GAO's Modem Software Integrates ADSL and 56K
March 25, 1998
As consumers demand higher bandwidth for Internet applications, the ADSL modem will become the driving force of the modem market. Consequently, following directly on the heels of the development
of a software package for 56k PCM modem (GAO V.90), GAO Research & Consulting Ltd. has developed an ADSL modem software package. This package (GAO ADSL/V.90) integrates software for ADSL and the
previously released GAO V.90.
Toronto, Canada: GAO Research & Consulting Ltd., a leading supplier of modem technology, has released a new software modem package which integrates both ADSL and V.90 PCM modem functions and
allows the use of ADSL modem independent of or simultaneous with V.90 modem.
GAO ADSL/V.90 makes full use of the multi-channel feature offered by the ADSL technology which provides a high-speed downstream channel, a medium-speed upstream channel, and a POTS channel. The
ADSL modem function of GAO ADSL/V.90 offers extremely high bandwidth for Internet applications through the downstream and upstream channels. The V.90 modem function of the software package makes use
of the POTS channel and serves as a fallback if the ADSL service fails or is not available. Telephone service may also be accessed through the POTS channel if the V.90 modem is not used. GAO
ADSL/V.90 is implemented in ANSI C and is able to run with reduced ADSL rates on microprocessors such as ARM, MIPS, Pentium, SH3, and Hyperstone. GAO ADSL is also suitable for operation on such DSPs
as C4x, C6x, and SHARC.
The major module of the GAO ADSL/V.90 software is GAO ADSL. This module has been developed and tested on a host Pentium processor according to the American National Standards Institute (ANSI)
T1.413 ADSL standard based on DMT technology. The ADSL modem function of the GAO ADSL/V.90 software can provide subscribers with data rates of up to 8 Mbps downstream and 640 kbps upstream, in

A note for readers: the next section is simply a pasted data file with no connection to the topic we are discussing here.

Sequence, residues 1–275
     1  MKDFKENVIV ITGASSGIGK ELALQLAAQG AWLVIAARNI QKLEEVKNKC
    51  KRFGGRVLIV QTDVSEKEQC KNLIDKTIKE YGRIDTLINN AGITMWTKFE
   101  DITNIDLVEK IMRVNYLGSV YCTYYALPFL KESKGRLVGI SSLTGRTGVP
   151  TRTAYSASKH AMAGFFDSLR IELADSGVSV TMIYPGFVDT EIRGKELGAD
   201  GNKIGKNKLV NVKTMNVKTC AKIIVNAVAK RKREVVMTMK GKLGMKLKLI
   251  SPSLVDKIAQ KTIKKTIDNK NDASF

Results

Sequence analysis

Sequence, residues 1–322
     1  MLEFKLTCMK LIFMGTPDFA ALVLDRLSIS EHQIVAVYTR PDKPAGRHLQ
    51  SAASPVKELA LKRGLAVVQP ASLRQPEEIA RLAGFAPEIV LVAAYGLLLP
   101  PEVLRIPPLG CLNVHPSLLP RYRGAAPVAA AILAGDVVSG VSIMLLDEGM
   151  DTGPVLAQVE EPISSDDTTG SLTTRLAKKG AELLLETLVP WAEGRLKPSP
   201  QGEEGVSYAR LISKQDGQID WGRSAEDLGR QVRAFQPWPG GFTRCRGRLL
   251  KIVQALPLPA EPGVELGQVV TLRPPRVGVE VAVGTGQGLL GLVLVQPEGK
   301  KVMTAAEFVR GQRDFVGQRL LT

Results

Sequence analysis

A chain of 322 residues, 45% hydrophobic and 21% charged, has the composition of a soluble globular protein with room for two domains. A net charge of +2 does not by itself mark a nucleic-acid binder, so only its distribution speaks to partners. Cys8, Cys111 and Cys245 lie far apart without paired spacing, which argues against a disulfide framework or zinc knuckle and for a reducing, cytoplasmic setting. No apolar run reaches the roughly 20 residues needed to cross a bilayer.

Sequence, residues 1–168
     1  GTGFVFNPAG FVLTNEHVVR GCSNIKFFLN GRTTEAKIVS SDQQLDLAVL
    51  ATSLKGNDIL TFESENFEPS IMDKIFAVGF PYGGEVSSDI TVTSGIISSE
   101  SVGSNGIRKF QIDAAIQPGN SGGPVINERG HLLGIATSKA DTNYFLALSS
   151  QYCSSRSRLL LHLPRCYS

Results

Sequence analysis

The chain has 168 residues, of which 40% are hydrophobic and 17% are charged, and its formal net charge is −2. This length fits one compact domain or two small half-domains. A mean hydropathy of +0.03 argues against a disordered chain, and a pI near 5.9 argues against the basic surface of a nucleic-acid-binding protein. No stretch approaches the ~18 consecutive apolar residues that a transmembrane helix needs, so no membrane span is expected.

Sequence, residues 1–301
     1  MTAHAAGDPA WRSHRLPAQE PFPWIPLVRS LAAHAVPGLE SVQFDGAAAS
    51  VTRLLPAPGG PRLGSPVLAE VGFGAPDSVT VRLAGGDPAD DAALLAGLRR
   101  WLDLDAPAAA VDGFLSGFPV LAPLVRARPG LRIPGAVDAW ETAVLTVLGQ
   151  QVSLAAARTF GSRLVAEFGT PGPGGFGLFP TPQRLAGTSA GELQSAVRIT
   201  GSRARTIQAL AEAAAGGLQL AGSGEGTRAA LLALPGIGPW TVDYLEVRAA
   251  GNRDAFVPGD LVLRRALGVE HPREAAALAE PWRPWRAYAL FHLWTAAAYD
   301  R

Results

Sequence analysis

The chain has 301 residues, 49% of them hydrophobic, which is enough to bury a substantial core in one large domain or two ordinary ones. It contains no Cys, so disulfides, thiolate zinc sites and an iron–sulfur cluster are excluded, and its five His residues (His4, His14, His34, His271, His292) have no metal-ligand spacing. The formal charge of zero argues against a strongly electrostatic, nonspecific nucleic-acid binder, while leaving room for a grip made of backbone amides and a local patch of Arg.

compliance with the latest issue of the ANSI T1.413 ADSL standard (Issue 2). The main changes from T1.413 Issue 1 to Issue 2 are as follows:
- Rates > 8 Mbit/s are now provided for
- Transport of a Network Timing Reference is specified
- Reduced overhead modes are defined
- Loop timing is made mandatory, and some activation and acknowledgment signals are changed to facilitate it
- State machines for both ATU-C and -R are defined
- An expanded initialization sequence to enable Rate Adaptation is added
The International Telecommunications Union is now working toward a G.dmt standard for ADSL which is modeled after ANSI T1.413 Issue 2 and the European Technical Standards Institute Technical
Report 328. GAO ADSL will conform to this new standard when it is ratified.
An important feature of the GAO ADSL/V.90 software is its integration of the V.90 modem. The V.90 modem is a new technology that offers a higher data rate than V.34bis modems. The V.90 technology
assumes that an Internet service provider (ISP) is digitally connected to the Internet and to a telephone companyæŠ¯ central office (CO). The CO extends the downstream connection
via a line card with a digital to analogue converter (DAC), providing a pulse amplitude modulation (PAM) analog signal to a client modem. GAO V.90 integrates the following functions: V.90,
V.34bis/34, V.32bis/32, V.22bis/22, V.21, Bell 103, and Bell 212A plus protocols and control functions.
GAO Research & Consulting Ltd., a private corporation located in Canada, has established itself as a leading supplier of communications algorithms and software since its founding in 1992. GAO
now employs about 50 professionals, more than 40 of whom are DSP and communications engineers. Due to the growth GAO has experienced, the company has moved to bigger and better facilities at 305
Milner Avenue, Suite 1003, Toronto, Ontario, Canada, M1B 3V4. GAO offers a complete suite of modem, fax, telephony, and speech compression software, including V.34bis and all fallbacks, in fixed and
floating-point C for microprocessors such as Pentium, ARM, MIPS, and SPARC and in assembly languages for DSPs such as TMS320C6x/54x and ADSP21xx.
Application of GAO ADSL/V.90 Server and Client Modems
The basic engine of an ADSL DMT modem consists of the following parts:
- Transmitter: tone shuffler, constellation encoder, IFFT DMT modulator, and interpolator (illustrated in Figure 1, Transmitter of the ADSL Modem)
- Receiver: decimator, FFT DMT demodulator, constellation decoder, and tone reorder (illustrated in Figure 2, Receiver of the ADSL Modem)
- Error Control: CRC, Scrambler, Reed-Solomon FEC de/encoder, interleaver/deinterleaver
- Some special receiver components are the time domain equalizer, frequency domain equalizer, echo canceller, automatic gain control, and timing recovery
Figure 1, Transmitter of the ADSL Modem
Figure 2, Receiver of the ADSL Modem